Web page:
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 A087277 Numbers k such that the three second-degree cyclotomic polynomials x^2 + 1, x^2 - x + 1 and x^2 + x + 1 are simultaneously prime. 6
 2, 6, 90, 960, 1974, 2430, 2730, 2736, 6006, 6096, 6306, 7014, 11934, 14190, 18276, 18486, 21204, 24906, 24984, 25200, 27210, 35700, 38556, 39306, 40860, 44694, 45654, 47124, 49524, 51246, 53220, 56700, 58176, 63330, 63960, 72996, 76650, 80394, 85560 (list; graph; refs; listen; history; text; internal format)
 OFFSET 1,1 COMMENTS By Schinzel's hypothesis H, there are an infinite number of k that yield simultaneous primes. Note that the two first-degree cyclotomic polynomials, x-1 and x+1, yield the twin primes for the numbers in A014574. From Ryan Bresler and Russell Jarrett, May 03 2019: (Start) All these k, except k=2, are multiples of 6. Proof: Suppose k == 1 (mod 3); then we have   k^2 == 1 (mod 3),   k^2 + 1 == 2 (mod 3), and   k^2 + 1 + k == 0 (mod 3), so k^2 + 1 + k cannot be prime if k == 1 (mod 3). Now suppose k == 2 (mod 3); then   k^2 == 1 (mod 3),   k^2 + 1 == 2 (mod 3), and   k^2 + 1 - k == 0 (mod 3), so k^2 + 1 - k cannot be prime if k == 2 (mod 3) (with the exception of k=2, which yields k^2 + 1 - k = 2^2 + 1 - 2 = 4+1-2 = 3, which is prime). Now suppose k == 0 (mod 3); then   k^2 == 0 (mod 3) and   k^2 + 1 == 1 (mod 3), so k^2 + 1 + k == 1 (mod 3) and k^2 + 1 - k == 1 (mod 3). Therefore k^2 + 1, k^2 + 1 + k and k^2 + 1 - k can all be prime only if k=2 or k == 0 (mod 3). Finally, if k == 1 (mod 2) for k > 2, then we have   k^2 == 1 (mod 2), and   k^2 + 1 == 0 (mod 2), so k^2 + 1 cannot be prime if k == 1 (mod 2). Now suppose k == 0 (mod 2); then   k^2 + 1 == 1 (mod 2),   so k^2 + 1 + k == 1 (mod 2) and k^2 + 1 - k == 1 (mod 2). Therefore, for k > 2, k == 0 (mod 2) and k == 0 (mod 3) must be satisfied for k^2 + 1, k^2 + 1 + k and k^2 + 1 - k to all be prime. (End) REFERENCES Paulo Ribenboim, The New Book of Prime Number Records, Springer, 1996, p. 391. Paulo Ribenboim, The Little Book of Bigger Primes, Springer, Second Edition, 2000, pp. 256-259. LINKS T. D. Noe, Table of n, a(n) for n = 1..1000 Eric W. Weisstein, MathWorld: Schinzel's Hypothesis Wikipedia, Schinzel's hypothesis H EXAMPLE 6 is a term of this sequence because 31, 37 and 43 are primes. MATHEMATICA x=0; Table[x=x+2; While[ !(PrimeQ[1+x^2] && PrimeQ[1+x+x^2] && PrimeQ[1-x+x^2]), x=x+2]; x, {50}] Join[{2}, Select[Range[6, 80000, 6], And@@PrimeQ[{#^2+1, #^2-#+1, #^2+#+1}]&]] (* Harvey P. Dale, Apr 07 2013 *) PROG (MAGMA) [m:m in [1..90000]| IsPrime(m^2+1) and IsPrime(m^2-m+1) and IsPrime(m^2+m+1) ]; // Marius A. Burtea, May 07 2019 CROSSREFS Cf. A014574 (first degree solutions: average of twin primes). Cf. A231612 (similar, but with fourth-degree cyclotomic polynomials). Cf. A231613 (similar, but with sixth-degree cyclotomic polynomials). Cf. A231614 (similar, but with eighth-degree cyclotomic polynomials). Cf. A233512 (similar, but increasing number of cyclotomic polynomials). Sequence in context: A305598 A179214 A128265 * A177861 A218151 A007188 Adjacent sequences:  A087274 A087275 A087276 * A087278 A087279 A087280 KEYWORD nonn AUTHOR T. D. Noe, Aug 27 2003 STATUS approved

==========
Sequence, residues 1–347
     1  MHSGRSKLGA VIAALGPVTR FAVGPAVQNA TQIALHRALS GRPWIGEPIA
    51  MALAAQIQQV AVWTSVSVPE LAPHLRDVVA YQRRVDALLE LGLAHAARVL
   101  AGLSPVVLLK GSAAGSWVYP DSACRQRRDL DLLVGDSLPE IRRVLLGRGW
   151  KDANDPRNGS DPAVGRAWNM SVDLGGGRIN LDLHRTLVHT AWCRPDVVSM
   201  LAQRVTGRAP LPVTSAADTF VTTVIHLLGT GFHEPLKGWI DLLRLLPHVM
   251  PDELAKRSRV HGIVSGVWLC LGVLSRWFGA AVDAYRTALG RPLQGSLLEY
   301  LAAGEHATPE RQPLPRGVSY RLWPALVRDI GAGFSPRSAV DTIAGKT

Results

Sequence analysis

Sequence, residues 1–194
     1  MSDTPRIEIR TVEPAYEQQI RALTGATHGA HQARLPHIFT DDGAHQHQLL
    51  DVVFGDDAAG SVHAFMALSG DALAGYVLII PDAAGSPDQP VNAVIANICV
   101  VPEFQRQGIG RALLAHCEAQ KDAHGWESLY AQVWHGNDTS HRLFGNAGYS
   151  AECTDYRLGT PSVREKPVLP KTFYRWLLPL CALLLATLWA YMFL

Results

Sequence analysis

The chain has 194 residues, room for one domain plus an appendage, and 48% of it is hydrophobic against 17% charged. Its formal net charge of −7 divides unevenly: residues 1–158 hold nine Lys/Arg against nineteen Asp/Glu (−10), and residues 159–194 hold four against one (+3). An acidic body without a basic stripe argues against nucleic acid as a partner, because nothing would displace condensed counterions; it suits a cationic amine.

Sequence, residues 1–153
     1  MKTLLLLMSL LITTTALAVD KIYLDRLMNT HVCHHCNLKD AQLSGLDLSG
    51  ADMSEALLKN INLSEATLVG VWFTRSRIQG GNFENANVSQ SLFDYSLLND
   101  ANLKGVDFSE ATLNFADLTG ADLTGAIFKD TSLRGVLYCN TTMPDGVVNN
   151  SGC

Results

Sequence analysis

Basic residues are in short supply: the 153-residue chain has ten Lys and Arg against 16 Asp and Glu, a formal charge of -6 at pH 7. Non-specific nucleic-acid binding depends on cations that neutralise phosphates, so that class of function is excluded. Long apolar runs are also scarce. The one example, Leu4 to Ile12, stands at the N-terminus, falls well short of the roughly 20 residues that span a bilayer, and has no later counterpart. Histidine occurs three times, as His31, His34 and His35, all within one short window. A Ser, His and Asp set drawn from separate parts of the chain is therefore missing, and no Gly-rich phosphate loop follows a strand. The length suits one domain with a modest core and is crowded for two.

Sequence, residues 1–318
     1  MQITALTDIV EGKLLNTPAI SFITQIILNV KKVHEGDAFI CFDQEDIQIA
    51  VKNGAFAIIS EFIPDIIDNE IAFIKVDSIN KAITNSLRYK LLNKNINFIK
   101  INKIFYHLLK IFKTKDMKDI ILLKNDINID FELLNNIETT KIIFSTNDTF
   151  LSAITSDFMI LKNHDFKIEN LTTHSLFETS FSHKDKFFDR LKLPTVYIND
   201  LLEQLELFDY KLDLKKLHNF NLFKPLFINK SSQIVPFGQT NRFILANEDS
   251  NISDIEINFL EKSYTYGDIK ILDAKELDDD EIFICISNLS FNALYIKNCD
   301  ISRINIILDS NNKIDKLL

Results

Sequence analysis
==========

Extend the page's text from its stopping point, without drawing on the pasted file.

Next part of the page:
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Last modified August 24 18:12 EDT 2019. Contains 326295 sequences. (Running on oeis4.)